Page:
“We were able to develop the first continuous production system with additive food manufacturing,” explains Simsa. “This means it’s no longer necessary to produce in small expensive batches, but rather have a large, continuous material supply to the individual production machines.”

At 3D-printed plant-based bacon manufacturer Cocuus, “we’ve faced challenges, both with the technology and the recipes”, says Luis Ozcáriz, commercial and marketing director.


Nourished_Stacks Macro-5

Vegan vitamin brand Nourished struck a deal earlier this year with the Co-op, which has agreed to stock a selection of its 3D-printed gummy ‘stacks’ in 92 of its stores. Owned by Rem3dy Health, the brand will sell six supplement ‘stacks’ tailored to different nutrient needs – under categories such as sleep, calm and energy – priced at £2.49 each. It follows on from the brand being listed in Selfridges.

In recent years, it’s tweaked both to achieve the scale needed to launch into retail. Its current approach to automation – using 3D bioprinting, whereby bio-inks are mixed with living cells to replicate the tissue-like structure of the meat at scale – has been an “important milestone” in moving towards commercial availability. It’s now capable of producing about 1,000 tonnes of plant-based bacon a year.

At Redefine Meat, however, the challenges around scale mean they no longer describe their flagship flank steak as 3D printed, explains Ben-Shitrit. Instead, it uses what he calls a patented additive manufacturing process – a complex series of technologies that achieves the same fibrous texture using element layering but which, insists the company, is no longer simply 3D printed.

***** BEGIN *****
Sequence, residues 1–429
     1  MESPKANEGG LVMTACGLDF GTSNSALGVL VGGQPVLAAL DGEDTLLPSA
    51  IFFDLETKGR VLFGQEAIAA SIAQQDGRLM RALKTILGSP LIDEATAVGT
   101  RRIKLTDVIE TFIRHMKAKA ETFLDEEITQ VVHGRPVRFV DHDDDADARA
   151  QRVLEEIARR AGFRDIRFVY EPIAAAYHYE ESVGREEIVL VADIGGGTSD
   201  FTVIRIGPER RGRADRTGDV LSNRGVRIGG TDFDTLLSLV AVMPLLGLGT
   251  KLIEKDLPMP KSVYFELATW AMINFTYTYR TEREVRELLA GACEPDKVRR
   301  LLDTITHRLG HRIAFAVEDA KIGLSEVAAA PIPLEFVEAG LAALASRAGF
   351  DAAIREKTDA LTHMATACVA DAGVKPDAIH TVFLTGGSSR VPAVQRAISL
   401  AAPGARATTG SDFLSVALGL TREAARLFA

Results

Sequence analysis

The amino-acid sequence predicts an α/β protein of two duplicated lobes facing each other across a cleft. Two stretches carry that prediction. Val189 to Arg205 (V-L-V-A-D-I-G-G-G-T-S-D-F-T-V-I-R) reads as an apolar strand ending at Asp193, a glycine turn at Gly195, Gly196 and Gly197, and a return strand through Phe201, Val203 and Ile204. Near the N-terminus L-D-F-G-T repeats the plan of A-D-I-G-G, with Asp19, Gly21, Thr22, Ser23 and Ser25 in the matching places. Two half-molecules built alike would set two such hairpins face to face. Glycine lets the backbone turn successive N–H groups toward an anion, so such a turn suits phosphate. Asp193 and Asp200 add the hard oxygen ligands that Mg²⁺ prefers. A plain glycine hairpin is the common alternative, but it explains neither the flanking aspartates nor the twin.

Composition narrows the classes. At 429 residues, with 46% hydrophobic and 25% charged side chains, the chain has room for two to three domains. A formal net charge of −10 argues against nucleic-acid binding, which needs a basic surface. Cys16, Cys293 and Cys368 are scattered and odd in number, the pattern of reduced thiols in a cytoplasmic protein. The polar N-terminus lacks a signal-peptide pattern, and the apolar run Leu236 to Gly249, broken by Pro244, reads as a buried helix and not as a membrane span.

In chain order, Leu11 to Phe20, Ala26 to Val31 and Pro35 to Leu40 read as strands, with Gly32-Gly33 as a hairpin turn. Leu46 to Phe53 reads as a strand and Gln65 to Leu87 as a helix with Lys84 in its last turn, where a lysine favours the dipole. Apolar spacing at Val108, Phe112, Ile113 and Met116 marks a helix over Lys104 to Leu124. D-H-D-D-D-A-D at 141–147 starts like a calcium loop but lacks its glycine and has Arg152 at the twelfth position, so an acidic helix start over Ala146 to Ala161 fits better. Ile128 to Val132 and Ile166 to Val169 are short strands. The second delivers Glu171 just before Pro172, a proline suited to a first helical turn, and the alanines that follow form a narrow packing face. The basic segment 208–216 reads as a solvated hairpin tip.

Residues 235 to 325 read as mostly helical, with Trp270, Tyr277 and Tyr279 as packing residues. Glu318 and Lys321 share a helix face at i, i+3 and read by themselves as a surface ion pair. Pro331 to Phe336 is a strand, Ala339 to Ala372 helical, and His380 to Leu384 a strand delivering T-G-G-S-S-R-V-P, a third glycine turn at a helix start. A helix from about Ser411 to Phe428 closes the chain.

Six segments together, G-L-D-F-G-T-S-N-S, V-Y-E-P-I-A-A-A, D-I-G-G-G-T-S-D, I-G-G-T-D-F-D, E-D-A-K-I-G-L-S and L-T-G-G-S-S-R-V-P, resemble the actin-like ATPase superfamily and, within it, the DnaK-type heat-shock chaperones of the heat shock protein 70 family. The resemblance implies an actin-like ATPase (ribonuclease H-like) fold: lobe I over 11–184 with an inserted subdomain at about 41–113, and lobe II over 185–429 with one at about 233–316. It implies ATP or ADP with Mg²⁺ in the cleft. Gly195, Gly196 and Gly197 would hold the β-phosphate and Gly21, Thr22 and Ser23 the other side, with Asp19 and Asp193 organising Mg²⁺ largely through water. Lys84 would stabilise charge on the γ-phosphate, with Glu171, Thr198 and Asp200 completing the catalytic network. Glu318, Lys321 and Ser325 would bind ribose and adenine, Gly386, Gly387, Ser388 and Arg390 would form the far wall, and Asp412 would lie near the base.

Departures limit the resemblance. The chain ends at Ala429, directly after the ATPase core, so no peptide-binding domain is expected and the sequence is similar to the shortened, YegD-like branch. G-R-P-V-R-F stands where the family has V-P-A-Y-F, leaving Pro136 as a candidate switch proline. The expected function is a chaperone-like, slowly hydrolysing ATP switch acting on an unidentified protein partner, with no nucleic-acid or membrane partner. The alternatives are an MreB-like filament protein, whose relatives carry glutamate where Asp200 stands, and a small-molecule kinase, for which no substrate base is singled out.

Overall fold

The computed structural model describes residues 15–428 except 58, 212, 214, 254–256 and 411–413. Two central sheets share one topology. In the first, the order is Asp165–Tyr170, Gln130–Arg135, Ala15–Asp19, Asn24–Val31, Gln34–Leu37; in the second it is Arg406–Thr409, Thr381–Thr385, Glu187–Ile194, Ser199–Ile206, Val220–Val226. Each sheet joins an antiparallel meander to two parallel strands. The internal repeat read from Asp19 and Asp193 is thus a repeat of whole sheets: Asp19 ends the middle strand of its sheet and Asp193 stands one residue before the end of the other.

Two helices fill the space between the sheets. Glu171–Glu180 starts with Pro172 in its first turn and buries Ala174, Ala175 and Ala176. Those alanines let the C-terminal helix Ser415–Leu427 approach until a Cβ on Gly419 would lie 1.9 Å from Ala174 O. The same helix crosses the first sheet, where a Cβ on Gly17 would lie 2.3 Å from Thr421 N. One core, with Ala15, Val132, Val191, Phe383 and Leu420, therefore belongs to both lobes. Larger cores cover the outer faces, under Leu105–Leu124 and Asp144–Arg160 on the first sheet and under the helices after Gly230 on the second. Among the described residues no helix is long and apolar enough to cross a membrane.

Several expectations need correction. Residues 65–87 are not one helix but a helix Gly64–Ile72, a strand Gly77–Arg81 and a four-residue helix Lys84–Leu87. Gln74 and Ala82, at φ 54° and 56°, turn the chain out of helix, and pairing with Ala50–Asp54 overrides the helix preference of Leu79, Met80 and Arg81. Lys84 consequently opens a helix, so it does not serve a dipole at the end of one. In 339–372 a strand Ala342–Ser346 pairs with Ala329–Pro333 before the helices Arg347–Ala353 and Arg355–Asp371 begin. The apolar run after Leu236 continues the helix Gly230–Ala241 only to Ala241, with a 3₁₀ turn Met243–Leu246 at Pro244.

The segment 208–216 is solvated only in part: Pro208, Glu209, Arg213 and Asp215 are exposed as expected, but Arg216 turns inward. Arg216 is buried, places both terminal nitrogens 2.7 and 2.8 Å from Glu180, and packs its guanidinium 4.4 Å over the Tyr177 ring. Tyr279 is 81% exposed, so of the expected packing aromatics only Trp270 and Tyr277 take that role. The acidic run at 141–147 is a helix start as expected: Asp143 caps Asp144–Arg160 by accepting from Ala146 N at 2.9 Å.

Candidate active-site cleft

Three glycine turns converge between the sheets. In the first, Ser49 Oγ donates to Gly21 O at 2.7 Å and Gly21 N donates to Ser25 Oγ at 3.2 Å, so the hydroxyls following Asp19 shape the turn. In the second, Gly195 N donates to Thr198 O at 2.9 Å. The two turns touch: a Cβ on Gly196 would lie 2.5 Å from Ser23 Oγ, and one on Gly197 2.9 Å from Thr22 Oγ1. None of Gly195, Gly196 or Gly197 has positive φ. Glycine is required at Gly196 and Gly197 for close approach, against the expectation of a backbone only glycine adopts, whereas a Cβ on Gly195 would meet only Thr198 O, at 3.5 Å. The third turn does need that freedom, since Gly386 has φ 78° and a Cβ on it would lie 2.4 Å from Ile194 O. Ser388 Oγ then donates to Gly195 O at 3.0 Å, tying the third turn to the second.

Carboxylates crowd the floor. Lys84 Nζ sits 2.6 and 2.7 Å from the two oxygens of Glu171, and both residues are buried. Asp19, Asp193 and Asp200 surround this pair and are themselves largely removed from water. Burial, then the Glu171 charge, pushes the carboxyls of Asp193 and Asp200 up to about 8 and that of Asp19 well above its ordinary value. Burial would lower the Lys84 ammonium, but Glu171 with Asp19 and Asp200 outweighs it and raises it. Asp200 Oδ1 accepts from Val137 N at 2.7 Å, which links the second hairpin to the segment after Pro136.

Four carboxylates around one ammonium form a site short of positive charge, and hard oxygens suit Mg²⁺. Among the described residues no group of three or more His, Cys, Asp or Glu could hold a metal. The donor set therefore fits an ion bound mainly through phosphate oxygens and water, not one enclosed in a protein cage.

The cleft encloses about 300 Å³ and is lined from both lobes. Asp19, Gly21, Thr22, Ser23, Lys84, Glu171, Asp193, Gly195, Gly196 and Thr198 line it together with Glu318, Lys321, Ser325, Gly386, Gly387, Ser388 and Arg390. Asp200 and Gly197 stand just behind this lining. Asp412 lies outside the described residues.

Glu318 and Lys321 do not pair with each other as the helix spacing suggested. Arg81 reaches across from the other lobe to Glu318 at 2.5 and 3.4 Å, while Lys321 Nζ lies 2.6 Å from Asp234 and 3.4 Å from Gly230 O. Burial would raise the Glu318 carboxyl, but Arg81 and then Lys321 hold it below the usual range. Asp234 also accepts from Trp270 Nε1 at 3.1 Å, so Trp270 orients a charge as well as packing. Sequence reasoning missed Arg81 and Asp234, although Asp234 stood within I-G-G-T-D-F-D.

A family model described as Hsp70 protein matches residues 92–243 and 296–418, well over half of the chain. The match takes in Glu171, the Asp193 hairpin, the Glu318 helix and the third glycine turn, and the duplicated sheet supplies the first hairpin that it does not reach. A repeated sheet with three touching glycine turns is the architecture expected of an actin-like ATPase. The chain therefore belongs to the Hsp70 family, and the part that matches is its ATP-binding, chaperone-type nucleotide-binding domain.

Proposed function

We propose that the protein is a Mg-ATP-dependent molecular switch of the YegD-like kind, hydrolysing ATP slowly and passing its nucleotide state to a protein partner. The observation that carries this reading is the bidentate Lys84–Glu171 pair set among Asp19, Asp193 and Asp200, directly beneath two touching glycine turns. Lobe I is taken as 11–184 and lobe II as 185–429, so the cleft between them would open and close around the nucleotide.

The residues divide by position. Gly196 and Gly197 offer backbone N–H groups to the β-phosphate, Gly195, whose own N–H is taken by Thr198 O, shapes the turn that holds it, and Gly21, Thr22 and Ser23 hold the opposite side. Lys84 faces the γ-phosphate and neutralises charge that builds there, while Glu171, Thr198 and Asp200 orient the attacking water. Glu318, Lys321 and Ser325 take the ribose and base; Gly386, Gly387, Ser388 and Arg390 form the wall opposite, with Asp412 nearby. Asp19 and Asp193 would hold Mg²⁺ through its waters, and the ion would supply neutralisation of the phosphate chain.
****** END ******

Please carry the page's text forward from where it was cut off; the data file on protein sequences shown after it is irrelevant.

“Some refer to 3D printing, but we think ‘additive manufacturing’ is the right term because it explains the industrial nature and scale of our process,” he says. The change was necessary to produce the volumes required to roll out six of its plant-based meat products in Ocado in November and get closer to “becoming the world’s biggest meat company”.


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But if these advances in 3D printing – or its related technologies in the case of Redefine – the question is whether it has potential beyond the alt-protein category. “It’s certainly not for all product categories,” says Simsa. Turning on a 3D printer for bog standard chicken nuggets, for example, isn’t happening any time soon.

Cost and speed also remain prohibitive for broader application, adds Peter Hatfield, director at supply chain consultancy 4C Associates. Yes, “the adoption of 3D printing in food manufacturing has increased significantly, but it still accounts for a small fraction of the overall food production processes”, he points out.

That’s because it’s slower. “While millions of chocolate bars can be produced in a single shift using traditional methods, a 3D printer might only produce hundreds per day. Due to these inefficiencies, 3D printing is thus more suitable for high-end markets where consumers are willing to pay a premium.”